In the speech, Macron talked of how “We ourselves have built our own separatism. It’s the separatism of our neighbourhoods, it’s the ghettoisation which our republic – initially with the best intentions in the world – has allowed to occur… We’ve created neighbourhoods where the promise of the republic has no longer been kept, and therefore where there was an attraction to those messages, those most radical configurations, which were sources of hope.”
“It was a huge step for him to say that,” says Momtaz. “It is not something that people in France talk about, because here there is no hyphenated identity. You are not Algerian-French. You are French. You are not Muslim-French. You are French. They do not have these approaches that exist in the UK or in the US because those are multicultural societies, whereas France rejects the idea of multiculturalism.”
Certain sections of the address caused controversy. “In typical Macron fashion he had two sentences that were too provocative and that overshadowed his speech,” says Momtaz. “Those two sentences were that ‘Islam is in crisis all over the world’ and that he wanted to forge ‘a type of Enlightenment Islam in France’. I saw the debate online afterwards and many Muslims were appalled to hear a president of a secular liberal democracy think that it is his right to say such things about the religion of more than a billion people.”
After Paty’s death, Macron set about putting his plan into action, spurred on by a further Islamist attack at a church in Nice on 29th October in which three people were killed. A charter was produced with the help of the country’s Muslim Council that recognises the primacy of republican over religious values and rejects the notion of Islam as a political movement. Imams across France were pressured to sign it. Macron also moved to stop foreign imams from preaching in the country.
On 9th December 2020, on the 115th anniversary of the 1905 law enshrining “laïcité”, the French version of secularism, a new bill designed to reinforce “respect for the principles of the republic” was approved by the French cabinet. It contains measures to combat hate speech, forced marriages, polygamy and the provision of virginity certificates by doctors. It will bring an effective end to religious home-schooling and extends the ban on the wearing of religious attire at work. A new criminal offence is also to be created in a direct response to Paty’s murder – that of the endangering of life through the spreading of information that allows people to be identified by those who want to hurt them.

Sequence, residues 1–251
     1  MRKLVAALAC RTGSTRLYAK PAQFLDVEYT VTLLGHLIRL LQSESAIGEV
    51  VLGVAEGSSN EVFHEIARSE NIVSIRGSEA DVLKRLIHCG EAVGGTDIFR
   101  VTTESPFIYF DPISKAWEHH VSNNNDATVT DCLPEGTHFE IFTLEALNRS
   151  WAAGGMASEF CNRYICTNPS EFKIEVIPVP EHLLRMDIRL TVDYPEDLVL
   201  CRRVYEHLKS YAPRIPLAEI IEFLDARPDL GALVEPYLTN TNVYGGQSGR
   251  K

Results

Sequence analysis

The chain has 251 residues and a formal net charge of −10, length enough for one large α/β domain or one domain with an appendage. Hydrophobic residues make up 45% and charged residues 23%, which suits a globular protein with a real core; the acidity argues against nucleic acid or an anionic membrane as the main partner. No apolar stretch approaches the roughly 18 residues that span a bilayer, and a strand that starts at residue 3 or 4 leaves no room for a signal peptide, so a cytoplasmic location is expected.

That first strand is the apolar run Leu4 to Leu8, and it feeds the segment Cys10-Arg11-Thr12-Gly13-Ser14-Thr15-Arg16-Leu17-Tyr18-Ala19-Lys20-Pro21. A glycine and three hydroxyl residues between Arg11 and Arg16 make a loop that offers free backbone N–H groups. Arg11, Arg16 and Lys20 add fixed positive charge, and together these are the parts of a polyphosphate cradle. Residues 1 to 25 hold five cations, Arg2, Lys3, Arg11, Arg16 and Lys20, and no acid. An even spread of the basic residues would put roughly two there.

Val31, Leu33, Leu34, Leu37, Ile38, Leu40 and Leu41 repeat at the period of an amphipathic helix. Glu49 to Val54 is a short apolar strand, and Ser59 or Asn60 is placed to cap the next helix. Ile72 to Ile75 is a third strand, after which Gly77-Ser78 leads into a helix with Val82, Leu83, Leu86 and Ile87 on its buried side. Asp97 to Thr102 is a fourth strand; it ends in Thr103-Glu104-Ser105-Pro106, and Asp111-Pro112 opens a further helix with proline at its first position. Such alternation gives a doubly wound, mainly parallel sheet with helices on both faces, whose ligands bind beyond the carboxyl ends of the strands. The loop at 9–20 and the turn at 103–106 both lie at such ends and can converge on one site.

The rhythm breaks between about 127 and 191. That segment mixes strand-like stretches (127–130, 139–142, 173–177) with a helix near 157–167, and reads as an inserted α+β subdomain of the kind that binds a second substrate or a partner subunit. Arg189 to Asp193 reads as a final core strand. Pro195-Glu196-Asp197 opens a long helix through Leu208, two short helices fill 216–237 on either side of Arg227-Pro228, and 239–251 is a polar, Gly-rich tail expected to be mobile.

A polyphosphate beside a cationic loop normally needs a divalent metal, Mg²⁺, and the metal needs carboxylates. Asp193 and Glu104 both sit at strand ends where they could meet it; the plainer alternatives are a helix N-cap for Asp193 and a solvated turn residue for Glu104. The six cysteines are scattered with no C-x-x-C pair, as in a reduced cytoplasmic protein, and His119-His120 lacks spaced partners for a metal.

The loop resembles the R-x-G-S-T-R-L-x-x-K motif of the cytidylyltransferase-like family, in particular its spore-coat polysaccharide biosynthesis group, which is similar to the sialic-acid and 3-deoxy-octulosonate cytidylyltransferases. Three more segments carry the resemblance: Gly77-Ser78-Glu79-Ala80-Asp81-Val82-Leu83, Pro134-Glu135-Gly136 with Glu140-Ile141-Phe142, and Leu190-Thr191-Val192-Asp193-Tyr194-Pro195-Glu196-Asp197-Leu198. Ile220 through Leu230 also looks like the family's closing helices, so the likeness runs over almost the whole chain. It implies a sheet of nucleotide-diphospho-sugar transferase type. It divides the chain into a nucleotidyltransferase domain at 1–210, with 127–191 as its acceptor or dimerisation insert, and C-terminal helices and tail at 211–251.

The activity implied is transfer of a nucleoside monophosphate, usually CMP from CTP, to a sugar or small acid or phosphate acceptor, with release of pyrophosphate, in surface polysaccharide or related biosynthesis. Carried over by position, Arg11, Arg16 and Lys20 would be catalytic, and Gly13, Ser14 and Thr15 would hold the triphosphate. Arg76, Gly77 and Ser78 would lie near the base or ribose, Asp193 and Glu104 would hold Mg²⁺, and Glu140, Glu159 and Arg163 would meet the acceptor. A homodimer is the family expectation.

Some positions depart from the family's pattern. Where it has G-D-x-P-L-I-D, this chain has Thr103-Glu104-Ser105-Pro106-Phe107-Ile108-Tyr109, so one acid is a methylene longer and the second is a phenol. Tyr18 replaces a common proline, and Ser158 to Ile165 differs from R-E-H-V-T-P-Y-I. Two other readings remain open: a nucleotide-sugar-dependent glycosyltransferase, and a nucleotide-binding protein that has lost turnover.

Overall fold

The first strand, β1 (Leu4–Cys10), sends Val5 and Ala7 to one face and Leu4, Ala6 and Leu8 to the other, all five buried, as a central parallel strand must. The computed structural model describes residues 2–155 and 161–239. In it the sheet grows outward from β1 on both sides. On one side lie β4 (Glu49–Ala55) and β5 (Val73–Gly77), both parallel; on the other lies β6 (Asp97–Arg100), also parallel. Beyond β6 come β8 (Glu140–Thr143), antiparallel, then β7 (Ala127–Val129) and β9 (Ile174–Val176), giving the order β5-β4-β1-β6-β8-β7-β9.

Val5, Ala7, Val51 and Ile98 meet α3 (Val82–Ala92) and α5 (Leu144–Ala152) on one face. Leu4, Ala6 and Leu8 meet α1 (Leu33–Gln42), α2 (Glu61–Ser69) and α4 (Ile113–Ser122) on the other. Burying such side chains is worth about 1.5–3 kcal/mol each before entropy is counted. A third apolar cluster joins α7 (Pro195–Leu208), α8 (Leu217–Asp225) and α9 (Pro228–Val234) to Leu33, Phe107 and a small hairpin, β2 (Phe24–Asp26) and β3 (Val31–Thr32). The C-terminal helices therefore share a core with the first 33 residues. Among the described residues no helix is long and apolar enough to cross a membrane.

The bill was characterised by Prime Minister Jean Castex as freeing Muslims from the influence of radical Islamists. Its critics, however, argue that it will further stigmatise French Muslims, some of whom may be in agreement with foreign leaders including Recep Tayyip Erdogan of Turkey and Imran Khan of Pakistan, who have both accused the French government of encouraging Islamophobia.
“The new law is all about the measures that should be taken to… make sure that republican values are applied,” says Momtaz. So far there has been no significant new move to address the social divisions between immigrant and non-immigrant citizens highlighted in Macron’s Les Mureaux speech. “We’re still waiting to see when those are going to come into play,” says Momtaz.
Samuel Paty’s murder wasn’t the starting point of this debate and it won’t be the end point
It remains to be seen whether the new measures make France safer in the long run. They are unlikely to calm the arguments around French values, however. “Samuel Paty’s murder wasn’t the starting point of this debate and it won’t be the end point. It was one episode in a very long-running conversation,” says Momtaz. “It draws on so many things – the country’s colonial past, what happened afterwards with the immigrant populations that came to France, the ban on the headscarf [in schools and for public servants at work], the caricatures of the Prophet Mohammed, the different approaches to freedom of speech…
“What’s interesting is that when you talk calmly to people on each side of these conversations, they have well-documented historical context and examples to back up their views,” continues Momtaz. “What I have a hard time trying to figure out is whether these two sides are even reconcilable at this stage. Is there a space where the sides can come together and find a compromise? It seems right now that positions are very zero-sum, so what does that mean for French society and for social cohesion in the country? I don’t think that anyone has an answer to that, but it’s a truly existential debate.”